Wednesday, February 23, 2011
Two economists from the Justice Department's Antitrust Division, William Gillespie and Oliver M. Richard, have a new working paper available, Antitrust Immunity and International Airline Alliances (Economic Analysis Group Discussion Paper No. EAG 11-1, Feb. 18, 2011) (available from SSRN here). From the abstract:
Most of the major carriers worldwide have joined one of three international airline alliances. The U.S. Department of Transportation has granted immunity from the U.S. antitrust laws to many carriers within these alliances. This article assesses the competitive effects and efficiencies associated with such grants. A grant of antitrust immunity to carriers in an alliance reduces competition in routes where these carriers offer competing flights, and the data show that fares paid by passengers for travel in non-stop trans-Atlantic flights are higher in routes with fewer independent competitors. The data also show that the alliances can produce pricing efficiencies for trans-Atlantic passengers who travel with connecting itineraries, but antitrust immunity within an alliance is not necessary to achieve such efficiencies.
All Nippon Airways and Lufthansa announced today that they are seeking an antitrust waiver from the Japanese Government to cooperate on pricing, schedules, and revenue sharing on routes between Europe and Japan. See ANA, Lufthansa to Set Up JV for Japan-Europe Routes, Reuters, Feb. 23, 2011 (available here).
The joint venture will also be subject to the European Commission ex post antitrust review under Article 101 of the Treaty on the Functioning of the European Union. If the Commission believes the deal would threaten competition, the carriers may be forced to offer concessions, such as transferring slots from its hub airports, to one or more of the airlines' competitors.
Wednesday, February 16, 2011
According to a leaked United States embassay cable released by Wikileaks, the United Kingdom was contemplating pulling out of the 2007 U.S./EU Air Transport Agreement if the U.S. Department of Transportation failed to grant antitrust immunity to the oneworld Alliance. See Tim Webb, UK 'Threatened to Pull out of Open Skies Deal', Leaked US Cables Show, Guardian, Feb. 14, 2011 (available here). The news confirms the speculation offered by industry analysts (including the writers of this blog) that disapproval of the oneworld Alliance application could have had dire consequences for the 2007 Agreement. Since the DOT's immunization of the alliance, the European Union has agreed to remove to the so-called "suspension clause" from the Air Transport Agreement as part of the Second Stage Protocol which amended the treaty last year.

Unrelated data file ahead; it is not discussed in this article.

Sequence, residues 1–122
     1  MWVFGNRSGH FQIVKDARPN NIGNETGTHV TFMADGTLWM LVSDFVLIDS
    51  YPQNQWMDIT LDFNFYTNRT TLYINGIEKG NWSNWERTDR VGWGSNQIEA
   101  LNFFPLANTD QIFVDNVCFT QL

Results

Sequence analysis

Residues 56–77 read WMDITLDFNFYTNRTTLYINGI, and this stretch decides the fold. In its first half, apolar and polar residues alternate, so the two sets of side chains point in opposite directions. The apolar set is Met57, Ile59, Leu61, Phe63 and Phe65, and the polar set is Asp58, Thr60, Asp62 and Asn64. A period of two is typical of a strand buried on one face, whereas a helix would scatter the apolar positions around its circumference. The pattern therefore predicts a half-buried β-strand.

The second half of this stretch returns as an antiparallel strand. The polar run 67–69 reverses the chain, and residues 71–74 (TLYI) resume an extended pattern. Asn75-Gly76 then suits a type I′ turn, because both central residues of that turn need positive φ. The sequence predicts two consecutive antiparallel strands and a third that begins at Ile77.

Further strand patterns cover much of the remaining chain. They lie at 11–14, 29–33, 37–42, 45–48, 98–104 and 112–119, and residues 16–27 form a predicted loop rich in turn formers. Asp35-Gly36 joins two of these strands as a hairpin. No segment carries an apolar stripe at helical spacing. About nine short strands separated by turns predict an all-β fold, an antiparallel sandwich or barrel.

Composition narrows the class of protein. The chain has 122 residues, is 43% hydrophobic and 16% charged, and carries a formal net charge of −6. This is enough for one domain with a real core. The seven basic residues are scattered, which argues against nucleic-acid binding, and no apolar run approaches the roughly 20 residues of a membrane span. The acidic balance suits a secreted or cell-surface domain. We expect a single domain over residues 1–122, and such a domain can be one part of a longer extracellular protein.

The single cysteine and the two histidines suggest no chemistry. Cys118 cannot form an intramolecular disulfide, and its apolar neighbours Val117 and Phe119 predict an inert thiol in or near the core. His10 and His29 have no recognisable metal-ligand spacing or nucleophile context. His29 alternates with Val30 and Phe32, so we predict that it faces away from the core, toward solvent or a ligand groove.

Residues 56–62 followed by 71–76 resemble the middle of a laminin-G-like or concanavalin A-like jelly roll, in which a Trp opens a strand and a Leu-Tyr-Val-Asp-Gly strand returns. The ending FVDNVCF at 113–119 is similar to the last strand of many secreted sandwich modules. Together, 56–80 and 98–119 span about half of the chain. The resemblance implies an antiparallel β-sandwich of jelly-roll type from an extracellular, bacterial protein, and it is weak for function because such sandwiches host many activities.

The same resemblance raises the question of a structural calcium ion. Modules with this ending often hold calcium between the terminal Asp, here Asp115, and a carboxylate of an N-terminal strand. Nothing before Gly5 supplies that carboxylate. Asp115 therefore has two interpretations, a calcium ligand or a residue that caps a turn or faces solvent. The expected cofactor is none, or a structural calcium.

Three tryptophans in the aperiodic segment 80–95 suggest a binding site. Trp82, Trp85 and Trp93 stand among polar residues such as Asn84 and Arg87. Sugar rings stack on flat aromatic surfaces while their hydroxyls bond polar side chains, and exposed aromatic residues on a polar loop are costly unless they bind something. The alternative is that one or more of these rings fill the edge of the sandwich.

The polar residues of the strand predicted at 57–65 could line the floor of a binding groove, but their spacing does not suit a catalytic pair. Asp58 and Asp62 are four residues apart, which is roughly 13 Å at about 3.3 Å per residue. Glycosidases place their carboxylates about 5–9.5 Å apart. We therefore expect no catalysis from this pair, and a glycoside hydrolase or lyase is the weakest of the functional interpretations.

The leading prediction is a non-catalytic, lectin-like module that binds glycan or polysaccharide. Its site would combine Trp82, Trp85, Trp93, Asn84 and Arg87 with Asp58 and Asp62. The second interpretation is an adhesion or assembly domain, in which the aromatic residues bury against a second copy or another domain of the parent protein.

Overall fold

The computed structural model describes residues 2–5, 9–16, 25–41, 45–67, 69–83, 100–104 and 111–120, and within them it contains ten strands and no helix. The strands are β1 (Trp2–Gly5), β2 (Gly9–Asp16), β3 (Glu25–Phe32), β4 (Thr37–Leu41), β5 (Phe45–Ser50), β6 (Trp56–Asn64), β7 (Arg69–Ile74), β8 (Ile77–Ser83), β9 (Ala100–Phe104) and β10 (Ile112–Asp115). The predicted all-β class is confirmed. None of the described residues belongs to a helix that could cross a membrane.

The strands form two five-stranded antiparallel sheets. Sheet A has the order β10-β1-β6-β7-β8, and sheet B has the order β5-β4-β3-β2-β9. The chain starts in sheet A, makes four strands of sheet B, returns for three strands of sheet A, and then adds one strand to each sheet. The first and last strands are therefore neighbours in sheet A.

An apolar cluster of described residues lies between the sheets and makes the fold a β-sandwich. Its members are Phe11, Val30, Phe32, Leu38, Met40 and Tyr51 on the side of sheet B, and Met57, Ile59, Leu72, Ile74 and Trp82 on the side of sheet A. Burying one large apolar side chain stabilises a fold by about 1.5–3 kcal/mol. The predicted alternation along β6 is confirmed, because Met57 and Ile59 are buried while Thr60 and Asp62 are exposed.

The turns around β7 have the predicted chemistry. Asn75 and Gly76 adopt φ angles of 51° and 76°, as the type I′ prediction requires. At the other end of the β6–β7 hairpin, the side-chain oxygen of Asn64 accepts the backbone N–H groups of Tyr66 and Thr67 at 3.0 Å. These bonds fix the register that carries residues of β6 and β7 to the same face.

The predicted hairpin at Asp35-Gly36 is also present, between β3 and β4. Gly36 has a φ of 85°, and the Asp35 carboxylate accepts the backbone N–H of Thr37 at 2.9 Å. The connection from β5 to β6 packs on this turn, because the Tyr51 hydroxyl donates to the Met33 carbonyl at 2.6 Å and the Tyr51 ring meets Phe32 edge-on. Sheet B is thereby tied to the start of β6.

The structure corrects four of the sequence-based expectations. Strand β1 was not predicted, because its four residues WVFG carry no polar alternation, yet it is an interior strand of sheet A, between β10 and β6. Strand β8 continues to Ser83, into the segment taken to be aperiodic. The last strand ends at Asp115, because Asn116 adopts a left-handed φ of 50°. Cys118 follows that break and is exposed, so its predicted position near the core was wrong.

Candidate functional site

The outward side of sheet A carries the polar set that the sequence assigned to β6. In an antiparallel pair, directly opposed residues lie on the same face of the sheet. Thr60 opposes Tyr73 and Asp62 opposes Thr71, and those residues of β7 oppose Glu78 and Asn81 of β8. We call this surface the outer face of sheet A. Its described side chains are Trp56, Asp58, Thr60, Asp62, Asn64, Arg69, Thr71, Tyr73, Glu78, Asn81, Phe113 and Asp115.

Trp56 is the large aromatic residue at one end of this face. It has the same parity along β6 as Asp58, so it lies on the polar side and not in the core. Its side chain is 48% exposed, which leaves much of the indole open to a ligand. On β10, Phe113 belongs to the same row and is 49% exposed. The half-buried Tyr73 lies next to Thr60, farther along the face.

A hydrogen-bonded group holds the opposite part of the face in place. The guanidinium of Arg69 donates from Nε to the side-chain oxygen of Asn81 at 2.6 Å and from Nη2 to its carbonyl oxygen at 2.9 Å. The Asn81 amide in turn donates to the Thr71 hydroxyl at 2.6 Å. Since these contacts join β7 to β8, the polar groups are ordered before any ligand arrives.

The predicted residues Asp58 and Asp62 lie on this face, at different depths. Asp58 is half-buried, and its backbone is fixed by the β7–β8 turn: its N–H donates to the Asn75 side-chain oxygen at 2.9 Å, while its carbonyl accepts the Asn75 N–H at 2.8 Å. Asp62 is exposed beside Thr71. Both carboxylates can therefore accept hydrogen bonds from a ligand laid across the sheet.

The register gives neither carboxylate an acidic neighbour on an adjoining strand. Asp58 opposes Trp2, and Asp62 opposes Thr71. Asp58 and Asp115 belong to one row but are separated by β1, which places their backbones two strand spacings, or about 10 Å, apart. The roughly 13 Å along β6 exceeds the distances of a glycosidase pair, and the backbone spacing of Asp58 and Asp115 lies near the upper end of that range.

Thursday, February 3, 2011
Severin Borenstein has a fascinating new paper available, On The Persistent Financial Losses of U.S. Airlines: A Preliminary Exploration (NBER Working Paper No. 16744, Jan. 2011) (available here). From the abstract:
U.S. airlines have lost nearly $60 billion (2009 dollars) in domestic markets since deregulation, most of it in the last decade. More than 30 years after domestic airline markets were deregulated, the dismal financial record is a puzzle that challenges the economics of deregulation. I examine some of the most common explanations among industry participants, analysts, and researchers -- including high taxes and fuel costs, weak demand, and competition from lower-cost airlines. Descriptive statistics suggest that high taxes have been at most a minor factor and fuel costs shocks played a role only in the last few years. Major drivers seem to be the severe demand downturn after 9/11 -- demand remained much weaker in 2009 than it was in 2000 -- and the large cost differential between legacy airlines and the low-cost carriers, which has persisted even as their price differentials have greatly declined.
Mother Nature's winter storm assault on the Midwest is exacting a heavy toll from the airline industry. See Mike Estrel, Weather Whacks Airlines' Revenues, Wall St. J., Feb. 2, 2011 (available here). The final damage may not be known for weeks, but needless to say it will not be pretty. As the story discusses, the airlines are already battling rising fuel costs as they struggle to return to consistent profitability after the skid which began in 2007.